4 Overall detection framework with tubelet generation and tubelet classification

Based on the Tubelet Proposal Networks, we propose a framework that is efficient for object detection in videos. Compared with state-of-the-art single object tracker, It only takes our TPN GPU days to generate dense tubelet proposals on the ImageNet VID dataset. It is also capable of utilizing useful temporal information from tubelet proposals to increase detection accuracy. As shown in Figure 2, the framework consists of two networks, the first one is the TPN for generating candidate object tubelets, and the second network is a CNN-LSTM classification network that classifies each bounding box on the tubelets into different object categories.

4.1 Efficient tubelet proposal generation

The TPN is able to estimate movements of each static object proposal within a temporal window . For object detection in videos in large-scale datasets, we need to not only efficiently generate tubelets for hundreds of spatial anchors in parallel, but also generate tubelets with sufficient lengths to incorporate enough temporal information.

To generate tubelets with length of , (see illustration in Figure 4 (a)), we utilize static object proposals on the first frame as spatial anchors, and then iteratively apply TPN with temporal window until the tubelets cover all frames. The last estimated locations of the previous iteration are used as spatial anchors for the next iteration. This process can iterate to generate tubelet proposals of arbitrary lengths.

Figure 4: Efficiently generating tubelet proposals. (a) the TPN generates the tubelet proposal of temporal window and uses the last-frame output of the proposal as static anchors for the next iteration. This process iterates until the whole track length is covered. (b) multiple static anchors in a frame are fed to the Fast R-CNN network with a single forward pass for simultaneously generating multiple tubelet proposals. Different colors indicate different spatial anchors

For static object proposals in the same starting frame, the bottom CNN only needs to conduct an one-time forward propagation to obtain the visual feature maps, and thus enables efficient generation of hundreds of tubelet proposals (see Figure 4 (b)).

Compared to previous methods that adopt generic single object trackers, our proposed methods is dramatically faster for generating a large number of tubelets. The tracking method used in [15] has reported fps running speed for a single object. For a typical frame with spatial anchors, it takes s for each frame. Our method has an average speed of s for each frame, which is about faster. Even compared to the recent fps single object tracker in [9], our method is about faster.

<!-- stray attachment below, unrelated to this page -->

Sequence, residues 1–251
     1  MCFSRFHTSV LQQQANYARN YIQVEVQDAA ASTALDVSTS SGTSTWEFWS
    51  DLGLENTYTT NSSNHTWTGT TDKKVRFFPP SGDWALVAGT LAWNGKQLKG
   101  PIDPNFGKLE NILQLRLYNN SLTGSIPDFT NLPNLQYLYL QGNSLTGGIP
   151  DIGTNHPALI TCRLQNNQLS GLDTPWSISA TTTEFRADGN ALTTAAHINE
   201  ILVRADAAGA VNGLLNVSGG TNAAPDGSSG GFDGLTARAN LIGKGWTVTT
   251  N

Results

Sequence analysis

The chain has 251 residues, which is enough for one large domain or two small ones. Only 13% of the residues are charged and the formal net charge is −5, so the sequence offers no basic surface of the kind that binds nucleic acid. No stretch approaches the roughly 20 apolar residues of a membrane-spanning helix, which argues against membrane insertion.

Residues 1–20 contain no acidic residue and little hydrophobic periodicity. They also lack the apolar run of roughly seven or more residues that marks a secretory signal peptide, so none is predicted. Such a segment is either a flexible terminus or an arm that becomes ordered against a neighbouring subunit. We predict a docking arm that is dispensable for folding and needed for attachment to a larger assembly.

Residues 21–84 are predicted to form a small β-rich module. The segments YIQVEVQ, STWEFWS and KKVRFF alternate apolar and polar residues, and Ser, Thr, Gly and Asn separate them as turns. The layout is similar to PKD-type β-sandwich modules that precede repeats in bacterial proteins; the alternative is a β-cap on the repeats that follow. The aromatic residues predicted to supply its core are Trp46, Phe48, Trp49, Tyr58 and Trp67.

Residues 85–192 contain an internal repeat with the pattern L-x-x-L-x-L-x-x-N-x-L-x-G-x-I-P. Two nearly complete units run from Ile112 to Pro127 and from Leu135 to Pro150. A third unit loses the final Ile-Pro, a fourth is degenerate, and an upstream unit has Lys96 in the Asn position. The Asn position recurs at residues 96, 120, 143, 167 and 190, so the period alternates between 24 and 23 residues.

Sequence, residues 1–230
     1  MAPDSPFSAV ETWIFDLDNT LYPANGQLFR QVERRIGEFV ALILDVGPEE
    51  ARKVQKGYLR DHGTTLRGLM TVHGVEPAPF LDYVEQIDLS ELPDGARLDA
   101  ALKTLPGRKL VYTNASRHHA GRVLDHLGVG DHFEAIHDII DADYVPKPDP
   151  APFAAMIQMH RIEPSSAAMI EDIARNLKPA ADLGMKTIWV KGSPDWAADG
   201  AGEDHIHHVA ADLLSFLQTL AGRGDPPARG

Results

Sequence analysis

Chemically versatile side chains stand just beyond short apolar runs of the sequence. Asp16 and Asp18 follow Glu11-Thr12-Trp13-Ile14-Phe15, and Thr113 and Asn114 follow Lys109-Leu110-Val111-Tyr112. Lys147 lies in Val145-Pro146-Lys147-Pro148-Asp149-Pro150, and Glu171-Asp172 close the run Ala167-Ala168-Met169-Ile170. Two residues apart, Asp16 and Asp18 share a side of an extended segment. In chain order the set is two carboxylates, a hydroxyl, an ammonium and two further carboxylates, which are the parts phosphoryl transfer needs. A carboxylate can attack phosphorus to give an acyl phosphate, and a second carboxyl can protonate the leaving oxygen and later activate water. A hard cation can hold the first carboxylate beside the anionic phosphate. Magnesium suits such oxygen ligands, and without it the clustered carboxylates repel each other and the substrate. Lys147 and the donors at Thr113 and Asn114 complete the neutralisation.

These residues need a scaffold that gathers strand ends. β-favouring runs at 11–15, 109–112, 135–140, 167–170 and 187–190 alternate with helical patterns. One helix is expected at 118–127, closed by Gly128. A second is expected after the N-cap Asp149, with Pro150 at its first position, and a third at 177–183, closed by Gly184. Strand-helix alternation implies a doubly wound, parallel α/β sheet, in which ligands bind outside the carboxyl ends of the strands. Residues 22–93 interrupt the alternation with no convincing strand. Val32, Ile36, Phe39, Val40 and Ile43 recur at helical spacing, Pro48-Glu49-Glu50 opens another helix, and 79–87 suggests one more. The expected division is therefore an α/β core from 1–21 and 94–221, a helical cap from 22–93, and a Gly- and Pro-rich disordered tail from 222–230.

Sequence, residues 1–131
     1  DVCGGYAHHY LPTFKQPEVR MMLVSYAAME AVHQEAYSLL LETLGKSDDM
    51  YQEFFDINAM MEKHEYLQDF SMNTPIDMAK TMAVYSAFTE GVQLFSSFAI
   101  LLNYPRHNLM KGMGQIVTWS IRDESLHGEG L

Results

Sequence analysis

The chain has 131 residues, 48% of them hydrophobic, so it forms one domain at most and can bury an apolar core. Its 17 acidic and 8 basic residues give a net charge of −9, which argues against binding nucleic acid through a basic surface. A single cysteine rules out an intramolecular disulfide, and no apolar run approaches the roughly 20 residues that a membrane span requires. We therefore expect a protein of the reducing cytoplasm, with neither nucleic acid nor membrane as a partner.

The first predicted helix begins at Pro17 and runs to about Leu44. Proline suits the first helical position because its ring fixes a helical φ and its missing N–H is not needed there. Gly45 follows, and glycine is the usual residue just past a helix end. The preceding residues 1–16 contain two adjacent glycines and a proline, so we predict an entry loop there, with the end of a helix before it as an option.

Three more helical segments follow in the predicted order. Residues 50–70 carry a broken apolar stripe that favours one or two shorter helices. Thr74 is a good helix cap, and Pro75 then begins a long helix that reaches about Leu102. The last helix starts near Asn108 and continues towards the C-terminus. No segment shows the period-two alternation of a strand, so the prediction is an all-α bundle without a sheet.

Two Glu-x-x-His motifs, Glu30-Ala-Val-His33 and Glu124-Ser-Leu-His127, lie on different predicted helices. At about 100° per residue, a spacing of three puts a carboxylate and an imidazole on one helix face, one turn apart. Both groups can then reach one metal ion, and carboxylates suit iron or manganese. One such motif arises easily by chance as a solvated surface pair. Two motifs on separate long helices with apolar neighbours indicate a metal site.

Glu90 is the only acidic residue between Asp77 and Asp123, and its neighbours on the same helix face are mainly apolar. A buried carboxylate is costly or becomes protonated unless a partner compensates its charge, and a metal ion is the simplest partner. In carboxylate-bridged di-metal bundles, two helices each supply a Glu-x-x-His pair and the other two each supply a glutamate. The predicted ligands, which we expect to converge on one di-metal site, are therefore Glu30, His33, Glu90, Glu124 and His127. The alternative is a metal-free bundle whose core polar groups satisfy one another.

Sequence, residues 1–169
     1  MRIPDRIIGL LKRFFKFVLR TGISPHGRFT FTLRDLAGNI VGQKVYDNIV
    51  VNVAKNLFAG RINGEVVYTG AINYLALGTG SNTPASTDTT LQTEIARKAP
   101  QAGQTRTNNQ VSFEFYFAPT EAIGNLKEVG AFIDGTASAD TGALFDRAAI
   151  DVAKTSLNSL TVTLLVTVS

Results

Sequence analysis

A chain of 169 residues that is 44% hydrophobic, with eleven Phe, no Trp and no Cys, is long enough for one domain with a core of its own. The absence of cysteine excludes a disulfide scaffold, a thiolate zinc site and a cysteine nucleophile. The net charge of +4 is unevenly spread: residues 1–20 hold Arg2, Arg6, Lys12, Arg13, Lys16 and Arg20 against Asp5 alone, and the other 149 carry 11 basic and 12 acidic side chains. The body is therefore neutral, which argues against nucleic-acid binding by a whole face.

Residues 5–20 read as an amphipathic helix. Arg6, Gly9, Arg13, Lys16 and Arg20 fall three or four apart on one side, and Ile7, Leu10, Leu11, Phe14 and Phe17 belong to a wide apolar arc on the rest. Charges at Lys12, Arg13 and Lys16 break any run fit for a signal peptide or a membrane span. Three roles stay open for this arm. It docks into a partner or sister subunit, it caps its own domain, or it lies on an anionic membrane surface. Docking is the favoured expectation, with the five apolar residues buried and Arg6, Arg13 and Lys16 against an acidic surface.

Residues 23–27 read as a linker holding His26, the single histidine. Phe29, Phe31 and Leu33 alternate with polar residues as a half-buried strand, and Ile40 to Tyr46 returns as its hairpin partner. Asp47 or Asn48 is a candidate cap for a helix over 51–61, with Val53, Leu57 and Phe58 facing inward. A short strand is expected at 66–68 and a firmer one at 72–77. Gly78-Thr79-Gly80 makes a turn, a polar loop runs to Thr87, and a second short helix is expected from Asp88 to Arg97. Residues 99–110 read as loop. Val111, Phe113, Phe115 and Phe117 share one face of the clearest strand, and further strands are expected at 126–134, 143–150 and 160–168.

4.2 Encoder-decoder LSTM (ED-LSTM) for temporal classification

After generating the length- tubelet proposal, visual features can be pooled from tubelet box locations for object classification with temporal information. Existing methods [15, 7, 14] mainly use temporal information in post processing, either propagating detections to neighboring frames or temporally smoothing detection scores. The temporal consistency of detection results is important, but to capture the complex appearance changes in the tubelets, we need to learn discriminative spatiotemporal features at the tubelet box locations.

As shown in Figure 2, the proposed classification subnetwork contains a CNN that processes input images to obtain feature maps. Classification features ROI-pooled from each tubelet proposal across time are then fed into a one-layer Long Short-Term Memory (LSTM) network [11]

for tubelet classification. It is a special type of recurrent neural network (RNN) and is widely investigated for learning spatiotemporal features in recent years. Each LSTM unit has a memory unit that conveys visual information across the time for incorporating temporal information.

The input for each time step of the LSTM for the th tubelet are the cell state , hidden state of the previous frame, and the classification features pooled at the current time . The starting state of the LSTM is set to zeros. The output is the hidden states , which is connected to a fully-connected layer for predicting class confidences and another FC layer for box regression. One problem with the vanilla LSTM is that the initial state may dramatically influence the classification of the first several frames. Inspired by sequence-to-sequence LSTM in [28], we propose an encoder-decoder LSTM model for object detection in videos as shown in Figure 2. The input features are first fed into an encoder LSTM to encode the appearance features of the entire tubelet into the memory. The memory and hidden states are then fed into the decoder LSTM, which then classifies the tubelet in the reverse order with the reversed inputs from the last frame back to the first frame. In this way, better classification accuracy can be achieved by utilizing both past and future information. The low prediction confidences caused by the all-zero initial memory states can be avoided.